A Green Infrastructure Approach to Development

Help Your Community and Region Preserve Their Natural Landscapes

Creating a truly sustainable future for the United States means not only identifying the interconnected natural landscapes that remain but also actively preserving them. This irreplaceable green infrastructure promotes healthier living by ensuring clean water and air and providing access to the natural world while enhancing economic growth across communities. To this end, Esri has launched the Green Infrastructure Initiative to help plan a better future for the United States using GIS.

There is a pressing need to ensure that the nation's valuable landscapes are not sacrificed as a result of haphazard or poorly conceived development. Unlike the gray infrastructure of bridges, roads, and dams, this green infrastructure is precious and cannot be rebuilt once it is lost.

This also means addressing green infrastructure proactively at the beginning of the planning process, rather than reactively at the end. A green infrastructure approach to development identifies critical landscapes of ecological, scenic, and cultural value and preserves them. Ecologically valuable landscapes contain features—such as watersheds, surface water, wildlife habitats, and coastal areas—that benefit all living organisms in an area, not just people. Scenic and culturally valuable landscapes are characterized by recreational areas, viewsheds, and similar features that increase property values and promote tourism.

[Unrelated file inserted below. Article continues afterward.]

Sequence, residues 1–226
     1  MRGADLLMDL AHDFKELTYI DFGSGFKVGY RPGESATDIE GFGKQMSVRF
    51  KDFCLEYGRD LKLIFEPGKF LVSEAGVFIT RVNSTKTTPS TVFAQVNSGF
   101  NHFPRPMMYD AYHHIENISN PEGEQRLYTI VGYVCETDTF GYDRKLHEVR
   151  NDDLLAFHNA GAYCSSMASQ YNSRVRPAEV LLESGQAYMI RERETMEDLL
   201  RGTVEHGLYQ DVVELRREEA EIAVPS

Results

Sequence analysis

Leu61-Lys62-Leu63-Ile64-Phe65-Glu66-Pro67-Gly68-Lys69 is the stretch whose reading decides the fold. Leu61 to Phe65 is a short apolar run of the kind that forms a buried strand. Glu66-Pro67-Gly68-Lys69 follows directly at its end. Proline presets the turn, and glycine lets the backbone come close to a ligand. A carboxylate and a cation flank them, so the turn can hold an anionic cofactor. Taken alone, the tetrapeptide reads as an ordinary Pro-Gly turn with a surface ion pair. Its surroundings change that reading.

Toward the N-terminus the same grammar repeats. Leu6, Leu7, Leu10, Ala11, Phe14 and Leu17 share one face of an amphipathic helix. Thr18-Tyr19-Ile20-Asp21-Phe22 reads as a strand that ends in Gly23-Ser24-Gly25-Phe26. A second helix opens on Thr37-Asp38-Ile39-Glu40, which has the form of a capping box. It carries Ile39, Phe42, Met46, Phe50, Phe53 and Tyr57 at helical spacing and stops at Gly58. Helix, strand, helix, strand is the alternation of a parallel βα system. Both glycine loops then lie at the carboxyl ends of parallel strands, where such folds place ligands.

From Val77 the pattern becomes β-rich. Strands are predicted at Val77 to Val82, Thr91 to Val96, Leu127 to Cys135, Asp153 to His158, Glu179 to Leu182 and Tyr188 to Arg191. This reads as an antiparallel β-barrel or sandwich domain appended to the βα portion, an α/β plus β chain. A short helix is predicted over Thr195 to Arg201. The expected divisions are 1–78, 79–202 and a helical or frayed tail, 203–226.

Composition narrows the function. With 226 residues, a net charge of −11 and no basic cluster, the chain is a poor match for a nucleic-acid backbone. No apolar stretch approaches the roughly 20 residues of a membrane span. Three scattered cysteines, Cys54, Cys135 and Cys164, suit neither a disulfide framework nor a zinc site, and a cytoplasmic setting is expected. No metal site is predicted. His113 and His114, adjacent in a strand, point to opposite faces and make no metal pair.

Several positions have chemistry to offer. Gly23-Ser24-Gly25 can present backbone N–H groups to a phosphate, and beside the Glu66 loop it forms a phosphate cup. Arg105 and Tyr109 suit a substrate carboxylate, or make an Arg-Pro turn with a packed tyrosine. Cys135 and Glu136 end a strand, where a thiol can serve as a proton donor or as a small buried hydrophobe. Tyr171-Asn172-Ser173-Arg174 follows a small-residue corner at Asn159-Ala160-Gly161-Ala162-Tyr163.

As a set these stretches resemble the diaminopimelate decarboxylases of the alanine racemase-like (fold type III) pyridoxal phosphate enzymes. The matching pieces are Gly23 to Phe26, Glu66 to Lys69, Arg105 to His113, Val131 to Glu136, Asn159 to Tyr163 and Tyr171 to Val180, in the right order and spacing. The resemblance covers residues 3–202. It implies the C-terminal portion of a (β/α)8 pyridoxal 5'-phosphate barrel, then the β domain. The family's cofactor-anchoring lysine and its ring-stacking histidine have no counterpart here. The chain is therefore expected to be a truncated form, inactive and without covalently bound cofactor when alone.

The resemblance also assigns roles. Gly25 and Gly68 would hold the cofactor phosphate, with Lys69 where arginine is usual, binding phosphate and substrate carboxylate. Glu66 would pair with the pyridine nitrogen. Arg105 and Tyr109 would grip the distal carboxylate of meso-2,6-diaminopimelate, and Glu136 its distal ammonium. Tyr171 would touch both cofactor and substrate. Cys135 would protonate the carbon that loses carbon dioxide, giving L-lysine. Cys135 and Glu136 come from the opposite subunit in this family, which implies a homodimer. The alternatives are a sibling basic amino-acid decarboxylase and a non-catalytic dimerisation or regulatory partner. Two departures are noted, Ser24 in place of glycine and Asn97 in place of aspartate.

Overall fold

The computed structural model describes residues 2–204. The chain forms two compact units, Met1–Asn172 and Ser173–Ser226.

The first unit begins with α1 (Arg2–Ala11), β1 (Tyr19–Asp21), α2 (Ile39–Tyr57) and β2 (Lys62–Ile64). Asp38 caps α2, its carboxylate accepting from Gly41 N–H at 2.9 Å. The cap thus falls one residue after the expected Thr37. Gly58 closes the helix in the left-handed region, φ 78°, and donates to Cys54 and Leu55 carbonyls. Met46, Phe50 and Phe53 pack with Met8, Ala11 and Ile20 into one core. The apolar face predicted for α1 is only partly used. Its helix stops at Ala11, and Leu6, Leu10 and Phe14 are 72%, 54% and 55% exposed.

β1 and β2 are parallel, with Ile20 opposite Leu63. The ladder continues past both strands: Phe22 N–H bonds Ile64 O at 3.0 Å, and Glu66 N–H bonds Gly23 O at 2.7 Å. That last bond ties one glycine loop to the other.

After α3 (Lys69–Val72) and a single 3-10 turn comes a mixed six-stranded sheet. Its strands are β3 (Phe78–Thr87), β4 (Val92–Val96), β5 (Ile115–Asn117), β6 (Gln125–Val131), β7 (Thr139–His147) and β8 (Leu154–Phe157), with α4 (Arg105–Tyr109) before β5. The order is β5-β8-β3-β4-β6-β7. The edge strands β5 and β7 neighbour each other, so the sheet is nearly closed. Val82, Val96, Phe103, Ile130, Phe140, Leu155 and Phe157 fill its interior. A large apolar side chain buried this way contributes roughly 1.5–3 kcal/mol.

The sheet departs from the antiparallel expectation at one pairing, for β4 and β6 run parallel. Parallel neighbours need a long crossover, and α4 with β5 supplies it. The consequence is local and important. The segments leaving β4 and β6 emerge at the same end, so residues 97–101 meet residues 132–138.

The objective of the Green Infrastructure Initiative is to create a systematic, information-based method for transforming communities in the United States into sustainable centers by identifying and preserving an interconnected system of landscapes at regional, local, and urban scales. Maintaining the connectivity of open spaces, habitats, and parks is important at each of these scales because connectivity lends the components of these landscapes the resilience they need to survive challenges, such as climate change, better than isolated areas can.

Previously, environmental concerns were set aside in favor of what was perceived as economic necessity based on the belief that these were competing rather than complementary aspects of a truly sustainable future. But green infrastructure makes solid economic contributions. For example, preserving watersheds protects water supplies and safeguards the health of human populations, wildlife, and vegetation that depend on that water. Keeping coastal areas intact mitigates the effects of storm events and limits damage to buildings and other structures. And unmarred scenic views enhance property values.

Anyone can assess the current state of green infrastructure in a community by using a simple online tool at esri.com/greeninfrastructure.

Anyone can assess the current state of green infrastructure in a community by using a simple online tool at esri.com/greeninfrastructure.